Home Print this page Email this page Small font sizeDefault font sizeIncrease font size
Users Online: 190

 

Home About us Editorial board Search Ahead of print Current issue Archives Submit article Instructions Subscribe Advertise Contacts Login 
     
ORIGINAL ARTICLE
Year : 2016  |  Volume : 57  |  Issue : 4  |  Page : 238-241

Outcome of radical retropubic prostatectomy at the Lagos State University Teaching Hospital


1 Department of Surgery, Urology Division, Lagos State University College of Medicine; Department of Surgery, Urology Division, Lagos State University Teaching Hospital, Ikeja, Lagos, Nigeria
2 Department of Surgery, Urology Division, Lagos State University Teaching Hospital, Ikeja, Lagos, Nigeria
3 Department of Surgery, Urology Division, Federal Staff Medical Centre, Abuja, Nigeria
4 Department of Anaesthesia, Lagos State University College of Medicine, Ikeja, Lagos, Nigeria

Correspondence Address:
Stephen Odunayo Ikuerowo
Department of Surgery, Urology Division, Lagos State University College of Medicine, 1-5 Oba Akinjobi Way, Ikeja, Lagos
Nigeria
Login to access the Email id

Source of Support: None, Conflict of Interest: None


DOI: 10.4103/0300-1652.188356

Rights and Permissions

Background: Prostate cancer is the most commonly diagnosed cancer in men in Nigeria and most cases present when the disease is already in an advanced stage. Radical prostatectomy for early prostate cancer is therefore not a commonly performed operation by urologists in Nigeria. We have had training and significant experience in radical retropubic prostatectomy. We, therefore, report the outcome of our initial experience. Materials and Methods: We review the record of men with early prostate cancer who had radical retropubic prostatectomy in our institution from 2007 to 2015. Results: There were 34 men who had radical retropubic prostatectomy in the 8-year period of review. The youngest and oldest patients were aged 50 and 71 years, respectively. The mean age was 64.2 years. All the patients were diagnosed following 12-core ultrasound-guided transrectal prostate biopsy for elevated serum prostate specific antigen (PSA). The mean serum PSA was 15.3 (range 8.5-100.3) ng/ml. The disease was pT1, pT2, and pT3 in 6, 20, and 8 patients respectively. General anesthesia was employed in 28 (82.4%) patients and combined epidural and subarachnoid block anesthesia for 6 (17.6%) patients. The total duration of operation was 128-252 min (mean = 160 min). No blood transfusion was given in 5 (14.7%) patients while each of the remaining 29 (85.3%) patients had 2-5 units of blood intra- or post-operatively. There was no perioperative mortality. Complications include operation-induced erectile dysfunction in 12 (35.3%), major urinary incontinence in 1 (2.9%), lymphocele in 2 (5.9%), and reoperation due to anastomotic leak and right ureteric injury in 1 (2.9%). After a median follow-up of 42 months, disease recurrence has occurred in 3 (8.8%) patients 1 (2.9%) of whom has died of diabetic renal failure. Conclusion: Radical prostatectomy can be safely performed in men with early prostate cancer in Nigeria and should be offered to suitable patients.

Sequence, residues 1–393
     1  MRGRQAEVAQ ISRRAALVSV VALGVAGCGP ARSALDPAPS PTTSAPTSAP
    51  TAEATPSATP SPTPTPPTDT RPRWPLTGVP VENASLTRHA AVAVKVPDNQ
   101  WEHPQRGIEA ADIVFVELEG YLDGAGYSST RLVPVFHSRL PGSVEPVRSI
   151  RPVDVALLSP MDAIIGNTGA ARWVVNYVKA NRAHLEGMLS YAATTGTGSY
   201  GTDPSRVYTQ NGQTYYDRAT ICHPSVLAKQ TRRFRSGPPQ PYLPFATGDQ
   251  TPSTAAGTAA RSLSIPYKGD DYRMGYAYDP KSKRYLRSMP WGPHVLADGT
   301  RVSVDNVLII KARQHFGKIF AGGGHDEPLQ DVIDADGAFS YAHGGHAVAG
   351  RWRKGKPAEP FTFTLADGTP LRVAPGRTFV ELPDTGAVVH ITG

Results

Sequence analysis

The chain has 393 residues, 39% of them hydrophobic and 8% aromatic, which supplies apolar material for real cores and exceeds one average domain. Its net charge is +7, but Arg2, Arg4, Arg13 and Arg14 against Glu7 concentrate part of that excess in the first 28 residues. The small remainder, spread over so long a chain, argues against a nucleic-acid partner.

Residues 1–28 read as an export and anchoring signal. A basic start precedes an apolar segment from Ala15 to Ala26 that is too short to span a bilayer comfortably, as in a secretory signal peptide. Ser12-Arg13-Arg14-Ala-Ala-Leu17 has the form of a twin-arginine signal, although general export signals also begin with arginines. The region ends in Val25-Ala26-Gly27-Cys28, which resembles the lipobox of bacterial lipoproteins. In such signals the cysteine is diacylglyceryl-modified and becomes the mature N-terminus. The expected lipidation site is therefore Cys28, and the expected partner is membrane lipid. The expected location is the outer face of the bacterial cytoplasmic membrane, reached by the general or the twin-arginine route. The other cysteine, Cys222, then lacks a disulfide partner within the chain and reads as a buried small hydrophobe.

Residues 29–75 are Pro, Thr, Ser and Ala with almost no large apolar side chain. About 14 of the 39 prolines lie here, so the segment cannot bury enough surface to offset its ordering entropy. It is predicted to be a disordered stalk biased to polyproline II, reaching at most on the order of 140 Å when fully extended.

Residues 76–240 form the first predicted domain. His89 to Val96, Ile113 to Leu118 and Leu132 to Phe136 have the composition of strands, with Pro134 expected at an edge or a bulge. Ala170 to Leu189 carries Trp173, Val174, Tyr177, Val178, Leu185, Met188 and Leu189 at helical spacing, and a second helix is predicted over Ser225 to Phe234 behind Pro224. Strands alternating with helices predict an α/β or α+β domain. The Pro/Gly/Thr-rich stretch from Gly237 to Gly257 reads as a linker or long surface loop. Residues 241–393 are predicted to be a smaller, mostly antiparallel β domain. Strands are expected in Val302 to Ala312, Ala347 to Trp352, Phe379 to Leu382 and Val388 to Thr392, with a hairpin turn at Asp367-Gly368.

[FULL TEXT] [PDF]*
Print this article     Email this article
 Next article
 Previous article
 Table of Contents

 Similar in PUBMED
   Search Pubmed for
   Search in Google Scholar for
 Related articles
 Citation Manager
 Access Statistics
 Reader Comments
 Email Alert *
 Add to My List *
 * Requires registration (Free)
 

 Article Access Statistics
    Viewed2687    
    Printed58    
    Emailed0    
    PDF Downloaded31    
    Comments [Add]    

Recommend this journal